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Elastic Load Balancing
Network Load Balancers

Getting Started with Network Load Balancers

This tutorial provides a hands-on introduction to Network Load Balancers through the AWS Management Console, a web-based interface. To create your first Network Load Balancer, complete the following steps.

Alternatively, to create an Application Load Balancer, see Getting Started with Application Load Balancers in the User Guide for Application Load Balancers. To create a Classic Load Balancer, see Create a Classic Load Balancer in the User Guide for Classic Load Balancers.

Before You Begin

  • Decide which Availability Zones you will use for your EC2 instances. Configure your virtual private cloud (VPC) with at least one public subnet in each of these Availability Zones.

  • Launch at least one EC2 instance in each Availability Zone. Ensure that the security groups for these instances allow TCP access from clients on the listener port and health check requests from your VPC. For more information, see Target Security Groups.

Step 1: Choose a Load Balancer Type

Elastic Load Balancing supports three types of load balancers. For this tutorial, you create a Network Load Balancer.

To create a Network Load Balancer

  1. Open the Amazon EC2 console at https://console.aws.amazon.com/ec2/.

  2. On the navigation bar, choose a region for your load balancer. Be sure to choose the same region that you used for your EC2 instances.

  3. In the navigation pane, under LOAD BALANCING, choose Load Balancers.

  4. Choose Create Load Balancer.

  5. For Network Load Balancer, choose Create.

Step 2: Configure Your Load Balancer and Listener

On the Configure Load Balancer page, complete the following procedure.

To configure your load balancer and listener

  1. For Name, type a name for your load balancer.

    The name of your Network Load Balancer must be unique within your set of Application Load Balancers and Network Load Balancers for the region, can have a maximum of 32 characters, can contain only alphanumeric characters and hyphens, and must not begin or end with a hyphen.

  2. For Scheme, keep the default value, internet-facing.

  3. For Listeners, keep the default, which is a listener that accepts TCP traffic on port 80.

  4. For Availability Zones, select the VPC that you used for your EC2 instances. For each Availability Zone that you used to launch your EC2 instances, select the Availability Zone and then select the public subnet for that Availability Zone.

    When you create an internet-facing load balancer, you can optionally select an Elastic IP address from Elastic IP. This provides your load balancer node with a static IPv4 address.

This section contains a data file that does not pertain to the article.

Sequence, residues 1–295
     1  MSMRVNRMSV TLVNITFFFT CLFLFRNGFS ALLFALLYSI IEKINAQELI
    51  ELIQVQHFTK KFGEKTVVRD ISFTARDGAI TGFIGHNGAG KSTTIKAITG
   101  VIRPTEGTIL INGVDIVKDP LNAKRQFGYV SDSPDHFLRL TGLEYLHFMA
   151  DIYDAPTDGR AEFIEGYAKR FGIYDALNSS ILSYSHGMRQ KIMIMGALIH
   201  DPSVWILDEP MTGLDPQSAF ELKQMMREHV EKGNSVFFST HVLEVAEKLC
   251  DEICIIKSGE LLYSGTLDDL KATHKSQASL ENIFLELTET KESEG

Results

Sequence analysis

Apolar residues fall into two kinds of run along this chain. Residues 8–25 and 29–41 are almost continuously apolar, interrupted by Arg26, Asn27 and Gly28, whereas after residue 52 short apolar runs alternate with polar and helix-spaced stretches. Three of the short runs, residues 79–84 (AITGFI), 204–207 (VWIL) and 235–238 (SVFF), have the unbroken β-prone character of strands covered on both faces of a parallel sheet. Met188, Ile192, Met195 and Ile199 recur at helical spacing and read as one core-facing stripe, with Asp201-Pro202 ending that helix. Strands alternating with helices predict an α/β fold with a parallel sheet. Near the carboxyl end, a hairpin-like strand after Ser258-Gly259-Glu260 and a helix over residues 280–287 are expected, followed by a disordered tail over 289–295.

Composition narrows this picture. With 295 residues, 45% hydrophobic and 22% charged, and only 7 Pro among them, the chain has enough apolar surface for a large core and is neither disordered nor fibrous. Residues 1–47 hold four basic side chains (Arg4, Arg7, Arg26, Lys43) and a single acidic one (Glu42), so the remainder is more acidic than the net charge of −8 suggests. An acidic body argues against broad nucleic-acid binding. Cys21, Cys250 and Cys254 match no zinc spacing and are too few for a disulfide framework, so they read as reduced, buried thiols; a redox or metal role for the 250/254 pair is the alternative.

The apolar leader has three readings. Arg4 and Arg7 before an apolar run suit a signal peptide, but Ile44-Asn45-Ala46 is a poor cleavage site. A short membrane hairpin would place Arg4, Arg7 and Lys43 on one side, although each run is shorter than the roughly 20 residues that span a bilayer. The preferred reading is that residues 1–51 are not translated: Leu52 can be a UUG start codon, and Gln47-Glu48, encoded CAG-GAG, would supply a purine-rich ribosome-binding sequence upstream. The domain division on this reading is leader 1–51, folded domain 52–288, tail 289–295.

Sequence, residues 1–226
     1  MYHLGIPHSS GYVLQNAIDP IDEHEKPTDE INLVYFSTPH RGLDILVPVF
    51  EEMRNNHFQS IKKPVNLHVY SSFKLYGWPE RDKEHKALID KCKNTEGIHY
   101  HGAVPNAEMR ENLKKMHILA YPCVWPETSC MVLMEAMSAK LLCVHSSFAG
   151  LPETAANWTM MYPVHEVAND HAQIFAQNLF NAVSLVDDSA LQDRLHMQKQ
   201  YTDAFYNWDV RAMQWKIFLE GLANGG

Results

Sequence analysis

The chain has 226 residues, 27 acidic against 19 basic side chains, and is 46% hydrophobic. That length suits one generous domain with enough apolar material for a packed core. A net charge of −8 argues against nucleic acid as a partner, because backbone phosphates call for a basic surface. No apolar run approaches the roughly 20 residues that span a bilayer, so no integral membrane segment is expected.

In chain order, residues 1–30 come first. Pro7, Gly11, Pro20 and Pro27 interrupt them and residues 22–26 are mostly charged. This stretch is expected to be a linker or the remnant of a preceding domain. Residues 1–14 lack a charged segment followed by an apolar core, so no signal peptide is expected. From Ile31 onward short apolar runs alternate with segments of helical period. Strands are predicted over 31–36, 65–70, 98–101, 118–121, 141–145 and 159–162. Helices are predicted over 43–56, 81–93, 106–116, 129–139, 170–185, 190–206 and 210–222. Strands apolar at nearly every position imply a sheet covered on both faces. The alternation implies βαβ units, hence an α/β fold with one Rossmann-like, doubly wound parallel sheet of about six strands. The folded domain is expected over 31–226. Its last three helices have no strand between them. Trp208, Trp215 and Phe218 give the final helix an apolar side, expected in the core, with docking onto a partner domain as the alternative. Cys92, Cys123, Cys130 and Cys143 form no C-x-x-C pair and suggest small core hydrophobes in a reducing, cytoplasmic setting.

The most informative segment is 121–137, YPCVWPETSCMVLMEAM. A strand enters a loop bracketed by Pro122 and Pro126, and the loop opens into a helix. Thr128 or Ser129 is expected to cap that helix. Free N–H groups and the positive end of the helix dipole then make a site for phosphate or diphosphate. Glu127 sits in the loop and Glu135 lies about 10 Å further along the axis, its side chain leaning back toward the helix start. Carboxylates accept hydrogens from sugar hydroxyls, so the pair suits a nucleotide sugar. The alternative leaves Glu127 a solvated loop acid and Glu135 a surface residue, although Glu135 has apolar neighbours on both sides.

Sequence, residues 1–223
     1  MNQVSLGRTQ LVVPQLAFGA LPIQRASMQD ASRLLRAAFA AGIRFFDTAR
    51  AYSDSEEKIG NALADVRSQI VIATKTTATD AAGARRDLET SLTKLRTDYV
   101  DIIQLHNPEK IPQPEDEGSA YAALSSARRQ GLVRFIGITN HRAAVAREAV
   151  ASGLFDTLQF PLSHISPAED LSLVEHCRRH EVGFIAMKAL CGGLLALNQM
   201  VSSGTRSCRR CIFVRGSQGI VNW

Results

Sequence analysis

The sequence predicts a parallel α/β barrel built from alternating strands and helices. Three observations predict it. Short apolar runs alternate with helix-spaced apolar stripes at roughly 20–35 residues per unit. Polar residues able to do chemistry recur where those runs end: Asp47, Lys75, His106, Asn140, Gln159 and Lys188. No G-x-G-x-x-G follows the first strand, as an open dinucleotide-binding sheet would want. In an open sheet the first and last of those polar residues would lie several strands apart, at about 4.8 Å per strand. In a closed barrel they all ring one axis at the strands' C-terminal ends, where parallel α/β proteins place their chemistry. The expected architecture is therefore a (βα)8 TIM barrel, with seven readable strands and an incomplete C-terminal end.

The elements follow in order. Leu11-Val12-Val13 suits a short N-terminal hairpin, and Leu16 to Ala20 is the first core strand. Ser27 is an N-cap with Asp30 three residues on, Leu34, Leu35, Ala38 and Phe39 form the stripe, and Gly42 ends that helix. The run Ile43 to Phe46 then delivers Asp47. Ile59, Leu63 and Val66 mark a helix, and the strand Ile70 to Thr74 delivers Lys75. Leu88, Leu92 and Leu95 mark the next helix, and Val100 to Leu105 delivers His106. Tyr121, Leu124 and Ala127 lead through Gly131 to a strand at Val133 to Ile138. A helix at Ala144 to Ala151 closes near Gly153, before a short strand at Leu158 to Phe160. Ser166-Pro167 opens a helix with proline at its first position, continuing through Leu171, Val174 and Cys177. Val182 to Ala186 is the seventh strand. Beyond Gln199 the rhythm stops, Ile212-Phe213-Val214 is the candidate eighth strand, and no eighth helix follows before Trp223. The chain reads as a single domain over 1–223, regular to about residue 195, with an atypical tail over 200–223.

5. Choose Next: Configure Routing.

Step 3: Configure Your Target Group

Create a target group, which is used in request routing. The rule for your listener routes requests to the registered targets in this target group. The load balancer checks the health of targets in this target group using the health check settings defined for the target group. On the Configure Routing page, complete the following procedure.

To configure your target group

  1. For Target group, keep the default, New target group.

  2. For Name, type a name for the new target group.

  3. Keep Protocol as TCP, Port as 80, and Target type as instance.

  4. For Health checks, keep the default protocol.

  5. Choose Next: Register Targets.

Step 4: Register Targets with Your Target Group

On the Register Targets page, complete the following procedure.

To register targets with the target group

  1. For Instances, select one or more instances.

  2. Keep the default port, 80, and choose Add to registered.

  3. When you have finished selecting instances, choose Next: Review.

Step 5: Create and Test Your Load Balancer

Before creating the load balancer, review your settings. After creating the load balancer, verify that it's sending traffic to your EC2 instances.

To create and test your load balancer

  1. On the Review page, choose Create.

  2. After you are notified that your load balancer was created successfully, choose Close.

  3. In the navigation pane, under LOAD BALANCING, choose Target Groups.

  4. Select the newly created target group.

  5. Choose Targets and verify that your instances are ready. If the status of an instance is initial, it's probably because the instance is still in the process of being registered, or it has not passed the minimum number of health checks to be considered healthy. After the status of at least one instance is healthy, you can test your load balancer.

  6. In the navigation pane, under LOAD BALANCING, choose Load Balancers.

  7. Select the newly created load balancer.

  8. Choose Description and copy the DNS name of the load balancer (for example, my-load-balancer-1234567890.us-west-2.elb.amazonaws.com). Paste the DNS name into the address field of an internet-connected web browser. If everything is working, the browser displays the default page of your server.

Step 6: Delete Your Load Balancer (Optional)

As soon as your load balancer becomes available, you are billed for each hour or partial hour that you keep it running. When you no longer need a load balancer, you can delete it. As soon as the load balancer is deleted, you stop incurring charges for it. Note that deleting a load balancer does not affect the targets registered with the load balancer. For example, your EC2 instances continue to run.

To delete your load balancer

  1. Open the Amazon EC2 console at https://console.aws.amazon.com/ec2/.

  2. In the navigation pane, under LOAD BALANCING, choose Load Balancers.

  3. Select the load balancer and choose Actions, Delete.

  4. When prompted for confirmation, choose Yes, Delete.